In particular, it was these portraits depicting the ladies of bohemian Berlin that gave such powerful expression to a type known as the New Woman, not least due to Umbo’s striking visual style. The writer and actor Ruth Landshoff, for example, posed in ever new roles for him. Now she was a fashionable beauty, gaze upturned, extreme chiaroscuro picking out only her eyes and mouth – and now here she was with a mask, untamed, self-assured and staring straight into the camera. Just one reason why Herbert Molderings called Umbo’s work a “big bang” in modern photography.

Less spectacular, but no less significant, were Umbo’s innovations in press photography. The 1920s triggered a regular boom in pictorial magazines. Simon Guttmann founded the picture agency Dephot, and Umbo was its first and leading photographer. Overturning the convention for single illustrations, he began publishing serial photographs that told a story of their own. In the late 1920s, for instance, readers were able to observe the Swiss performer Adrien Wettach transform himself into the world-famous clown Grock.

When the Nazis came to power in 1933, Umbo lost the creative habitat that had inspired his outstanding output in the 1920s. His pictures from this period suggest that he had withdrawn into a shell, a kind of ‘inner exile’. The illustrated reportage he produced now focused largely on fairly harmless themes, allowing him to preserve his passion for the circus and vaudeville theatre. Only the 180° images he took with the new Sky Camera and the series “Reacting Salts” confirm that the creative spark had not faded. But by the end of the 1930s he was on trickier ground, with pictorial reports from on board the “Wilhelm Gustloff”, where the “Kraft durch Freude” movement was taking a cruise, and from a college run by the “Bund Deutscher Mädchen” to educate loyal female citizens. These demonstrate how even an apolitical, tolerant person like Umbo could bow to pressures under a totalitarian regime.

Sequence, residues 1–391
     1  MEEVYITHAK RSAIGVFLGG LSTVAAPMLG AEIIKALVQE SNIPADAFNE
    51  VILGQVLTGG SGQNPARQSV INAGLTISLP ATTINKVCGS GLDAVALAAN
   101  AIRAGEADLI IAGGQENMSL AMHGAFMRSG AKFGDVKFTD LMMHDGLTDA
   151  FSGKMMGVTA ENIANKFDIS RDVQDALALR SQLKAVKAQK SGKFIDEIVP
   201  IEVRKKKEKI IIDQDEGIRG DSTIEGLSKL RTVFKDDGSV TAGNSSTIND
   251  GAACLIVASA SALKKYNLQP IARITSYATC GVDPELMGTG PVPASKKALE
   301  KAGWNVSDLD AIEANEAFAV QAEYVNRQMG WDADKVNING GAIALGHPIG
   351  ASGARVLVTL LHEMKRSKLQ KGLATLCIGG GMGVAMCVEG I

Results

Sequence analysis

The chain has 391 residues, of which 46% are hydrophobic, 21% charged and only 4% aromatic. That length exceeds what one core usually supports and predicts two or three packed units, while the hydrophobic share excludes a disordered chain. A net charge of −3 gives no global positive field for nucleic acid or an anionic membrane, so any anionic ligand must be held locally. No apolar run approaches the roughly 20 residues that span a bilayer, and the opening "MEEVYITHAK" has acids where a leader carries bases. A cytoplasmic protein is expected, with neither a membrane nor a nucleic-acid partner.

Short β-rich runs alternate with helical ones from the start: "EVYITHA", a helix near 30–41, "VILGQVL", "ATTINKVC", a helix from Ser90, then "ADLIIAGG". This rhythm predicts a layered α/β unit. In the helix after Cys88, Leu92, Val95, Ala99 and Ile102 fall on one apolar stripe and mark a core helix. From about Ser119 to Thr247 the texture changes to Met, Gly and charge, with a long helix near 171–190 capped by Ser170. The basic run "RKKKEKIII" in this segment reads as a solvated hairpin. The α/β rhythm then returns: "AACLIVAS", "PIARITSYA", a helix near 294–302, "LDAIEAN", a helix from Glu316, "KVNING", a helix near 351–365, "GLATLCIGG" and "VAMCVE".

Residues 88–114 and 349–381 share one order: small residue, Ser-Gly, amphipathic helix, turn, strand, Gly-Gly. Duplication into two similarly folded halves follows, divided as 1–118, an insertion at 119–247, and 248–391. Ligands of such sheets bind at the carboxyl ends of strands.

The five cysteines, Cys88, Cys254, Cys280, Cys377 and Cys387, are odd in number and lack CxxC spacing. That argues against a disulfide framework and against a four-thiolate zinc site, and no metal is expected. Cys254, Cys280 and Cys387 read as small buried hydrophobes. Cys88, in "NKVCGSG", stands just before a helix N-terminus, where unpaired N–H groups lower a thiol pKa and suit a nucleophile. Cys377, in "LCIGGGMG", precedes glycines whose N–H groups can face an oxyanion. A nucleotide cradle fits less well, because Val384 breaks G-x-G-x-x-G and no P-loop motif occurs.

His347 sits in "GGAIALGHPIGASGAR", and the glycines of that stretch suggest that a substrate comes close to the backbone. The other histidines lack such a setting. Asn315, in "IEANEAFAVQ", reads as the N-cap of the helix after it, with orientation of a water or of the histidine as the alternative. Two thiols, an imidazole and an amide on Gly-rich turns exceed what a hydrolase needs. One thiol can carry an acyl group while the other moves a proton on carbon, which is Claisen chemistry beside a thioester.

In 1945, with his archives ravaged by war, Umbo was literally left standing amid the ruins of his photographic oeuvre. He moved to Hannover, where he had to start again from scratch profession ally. Although he was still working as a press photographer, he could not replicate his success of the 1920s. Even in advanced years, casual jobs helped him to make ends meet. In the 1970s, when photography was admitted to museums as an art form, his works gradually came to light again. Gallery manager Rudolf Kicken, in particular, tried to reconstruct the oeuvre. Not until the mid-1990s did ground-breaking research by Herbert Molderings introduce Umbo to a broader public and grant him a place in the annals of photographic history.